Malaysian Transport Ministry releases MH370 investigation report

    Malaysia‘s Ministry of Transport released (30-Jul-2018) the ‘MH370 Safety Investigation Report’ regarding the disappearance of Malaysia Airlines flight MH370 on 08-Mar-2014. Minister of Transport Loke Siew Fook stated: “The Ministry of Transport will review the safety recommendations and will take appropriate improvement measures to prevent similar future air accidents. At the same time, we will also conduct thorough investigation and take action against any misconduct committed based on the findings under the existing provisions of the law”. He added: “The aspiration to locate MH370 has not been abandoned and we remain ever hopeful that we will be able to find the answers we seek when the credible evidence becomes available”. Findings in the report include:

    • The aircraft diverted from the filed flight plan route and its transponder signal disappeared from the air traffic control (ATC) controller radar display. The turn back of the aircraft was likely made while under manual control. There is no evidence to indicate that the aircraft was evading radar. It could not be established whether the aircraft was flown by anyone other than the pilots. The reason for the disappearance of the transponder information could not be established;
    • Although it cannot be conclusively ruled out that an aircraft or system malfunction was a cause, based on the limited evidence available it is more likely that the loss of communication prior to the diversion was due to the systems being manually turned off or a power interruption;
    • The recorded changes in the aircraft flight path, heading back across Peninsular Malaysia, turning south of Penang to the northwest and a subsequent turn towards the Southern Indian Ocean are difficult to attribute to any specific aircraft system failures. It is more likely that such manoeuvres were due to the systems being manipulated;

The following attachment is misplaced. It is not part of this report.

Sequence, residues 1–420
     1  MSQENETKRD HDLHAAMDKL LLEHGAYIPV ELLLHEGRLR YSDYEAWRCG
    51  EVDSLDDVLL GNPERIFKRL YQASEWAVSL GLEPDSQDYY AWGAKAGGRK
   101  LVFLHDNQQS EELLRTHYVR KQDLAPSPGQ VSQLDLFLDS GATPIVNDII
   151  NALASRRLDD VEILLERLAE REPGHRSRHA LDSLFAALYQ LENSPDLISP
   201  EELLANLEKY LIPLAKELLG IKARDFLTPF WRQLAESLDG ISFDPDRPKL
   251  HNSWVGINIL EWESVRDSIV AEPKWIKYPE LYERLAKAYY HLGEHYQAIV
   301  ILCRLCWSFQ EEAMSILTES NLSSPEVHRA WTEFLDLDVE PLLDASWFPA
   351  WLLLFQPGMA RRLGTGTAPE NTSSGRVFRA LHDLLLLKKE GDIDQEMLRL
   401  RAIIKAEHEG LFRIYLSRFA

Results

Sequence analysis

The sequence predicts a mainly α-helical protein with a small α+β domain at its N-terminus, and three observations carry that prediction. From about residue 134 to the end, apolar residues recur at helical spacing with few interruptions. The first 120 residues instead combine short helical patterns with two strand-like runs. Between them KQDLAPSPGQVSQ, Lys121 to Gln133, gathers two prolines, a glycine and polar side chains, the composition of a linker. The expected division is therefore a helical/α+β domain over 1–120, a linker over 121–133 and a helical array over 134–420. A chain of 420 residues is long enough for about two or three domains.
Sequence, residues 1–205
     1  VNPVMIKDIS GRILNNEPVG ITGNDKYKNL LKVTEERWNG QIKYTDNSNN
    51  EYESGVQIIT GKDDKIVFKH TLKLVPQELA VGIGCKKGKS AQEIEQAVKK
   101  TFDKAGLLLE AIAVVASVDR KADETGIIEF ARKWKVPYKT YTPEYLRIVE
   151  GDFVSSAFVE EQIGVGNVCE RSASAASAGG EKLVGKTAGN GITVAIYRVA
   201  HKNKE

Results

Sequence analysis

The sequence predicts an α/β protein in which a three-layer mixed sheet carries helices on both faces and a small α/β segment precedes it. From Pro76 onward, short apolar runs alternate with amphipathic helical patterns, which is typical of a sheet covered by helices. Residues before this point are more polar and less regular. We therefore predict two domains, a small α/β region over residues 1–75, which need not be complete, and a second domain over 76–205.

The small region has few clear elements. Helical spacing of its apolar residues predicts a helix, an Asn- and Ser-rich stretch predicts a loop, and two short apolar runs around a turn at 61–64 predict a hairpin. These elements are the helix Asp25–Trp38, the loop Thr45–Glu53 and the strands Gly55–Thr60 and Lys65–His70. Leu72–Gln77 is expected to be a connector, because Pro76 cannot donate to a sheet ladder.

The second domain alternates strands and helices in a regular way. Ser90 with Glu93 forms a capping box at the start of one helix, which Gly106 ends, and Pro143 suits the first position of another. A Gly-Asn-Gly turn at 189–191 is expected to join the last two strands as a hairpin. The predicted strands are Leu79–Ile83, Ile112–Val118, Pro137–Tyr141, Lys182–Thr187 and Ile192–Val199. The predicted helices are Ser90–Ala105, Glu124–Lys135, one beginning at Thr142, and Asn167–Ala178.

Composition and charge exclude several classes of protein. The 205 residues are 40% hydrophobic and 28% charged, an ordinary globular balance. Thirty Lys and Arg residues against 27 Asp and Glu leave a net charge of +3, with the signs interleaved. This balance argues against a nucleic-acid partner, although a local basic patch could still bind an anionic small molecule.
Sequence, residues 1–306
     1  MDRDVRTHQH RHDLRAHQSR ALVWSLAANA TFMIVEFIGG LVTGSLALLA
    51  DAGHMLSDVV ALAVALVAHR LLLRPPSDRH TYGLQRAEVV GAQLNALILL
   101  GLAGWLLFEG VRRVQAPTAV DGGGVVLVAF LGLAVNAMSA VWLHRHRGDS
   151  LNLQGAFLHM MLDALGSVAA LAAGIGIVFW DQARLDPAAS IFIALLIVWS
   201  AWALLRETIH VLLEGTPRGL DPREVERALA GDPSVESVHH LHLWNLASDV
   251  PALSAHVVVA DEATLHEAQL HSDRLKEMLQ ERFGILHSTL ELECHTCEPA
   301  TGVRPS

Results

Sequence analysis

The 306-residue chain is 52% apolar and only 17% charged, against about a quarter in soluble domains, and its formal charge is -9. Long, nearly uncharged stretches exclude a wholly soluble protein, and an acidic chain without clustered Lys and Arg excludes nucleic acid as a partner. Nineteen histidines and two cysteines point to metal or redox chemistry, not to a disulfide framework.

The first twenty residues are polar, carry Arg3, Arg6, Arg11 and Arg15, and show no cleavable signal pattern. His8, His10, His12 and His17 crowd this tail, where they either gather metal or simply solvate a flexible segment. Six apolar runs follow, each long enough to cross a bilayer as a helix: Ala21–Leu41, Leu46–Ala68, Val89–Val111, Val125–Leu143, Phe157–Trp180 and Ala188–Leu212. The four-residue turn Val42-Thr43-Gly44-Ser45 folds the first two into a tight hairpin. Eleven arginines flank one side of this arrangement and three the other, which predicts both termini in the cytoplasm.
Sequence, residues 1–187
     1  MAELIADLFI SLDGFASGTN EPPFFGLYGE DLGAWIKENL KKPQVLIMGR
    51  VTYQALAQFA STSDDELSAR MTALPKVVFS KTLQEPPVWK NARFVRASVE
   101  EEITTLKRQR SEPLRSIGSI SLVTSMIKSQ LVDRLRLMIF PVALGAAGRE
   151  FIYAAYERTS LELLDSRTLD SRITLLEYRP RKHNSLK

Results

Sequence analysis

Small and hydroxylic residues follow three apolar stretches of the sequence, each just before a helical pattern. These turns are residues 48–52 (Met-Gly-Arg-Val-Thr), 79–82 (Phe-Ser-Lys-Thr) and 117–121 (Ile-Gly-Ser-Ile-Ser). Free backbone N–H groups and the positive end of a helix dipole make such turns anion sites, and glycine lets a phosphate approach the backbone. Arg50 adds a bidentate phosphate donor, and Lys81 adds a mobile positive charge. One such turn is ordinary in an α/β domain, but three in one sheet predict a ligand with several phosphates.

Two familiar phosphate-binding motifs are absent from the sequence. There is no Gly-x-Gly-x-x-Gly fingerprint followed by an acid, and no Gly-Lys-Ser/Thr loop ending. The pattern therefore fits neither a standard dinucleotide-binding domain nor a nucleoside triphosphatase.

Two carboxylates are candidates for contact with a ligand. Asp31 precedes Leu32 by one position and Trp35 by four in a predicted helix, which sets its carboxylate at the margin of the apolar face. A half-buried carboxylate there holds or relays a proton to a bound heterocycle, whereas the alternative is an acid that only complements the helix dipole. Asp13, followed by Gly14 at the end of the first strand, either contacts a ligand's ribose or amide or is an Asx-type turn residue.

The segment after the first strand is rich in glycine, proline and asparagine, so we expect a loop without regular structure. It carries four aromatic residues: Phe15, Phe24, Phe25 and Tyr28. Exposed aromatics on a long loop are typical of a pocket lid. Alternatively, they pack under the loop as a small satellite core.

• Kuala Lumpur area control centre (ACC) controllers did not comply fully with established ATC procedures. Air traffic controllers did not initiate, in a timely manner, standard emergency phases. There is no record to suggest that Kuala Lumpur air traffic controllers took any action to alert the Royal Malaysian Air Force. There is no evidence to suggest that Kuala Lumpur air traffic controllers kept continuous watch on the radar display;
    • The aircraft was airborne for more than seven hours, suggesting that the autopilot was probably functioning, at least in the basic modes, for the aircraft to be flown for such a long duration. The inter-dependency of operation of the various aircraft systems suggests that significant parts of the aircraft electrical power system were likely to be functioning throughout the flight;
    • The investigation was unable to determine any plausible aircraft or systems failure mode that would lead to the observed systems deactivation, diversion from the filed flight plan route and the subsequent flight path taken by the aircraft;
    • Debris was found washed ashore near and onto the south eastern coast of Africa. To date, 27 items of debris were considered significant for examination. The right flaperon, part of the right outboard flap and a section of the left outboard flap were confirmed to be from MH370. Seven other items are considered to be almost certainly from MH370. There is insufficient information to determine if the aircraft broke up in the air or during impact with the ocean. [more – original PR]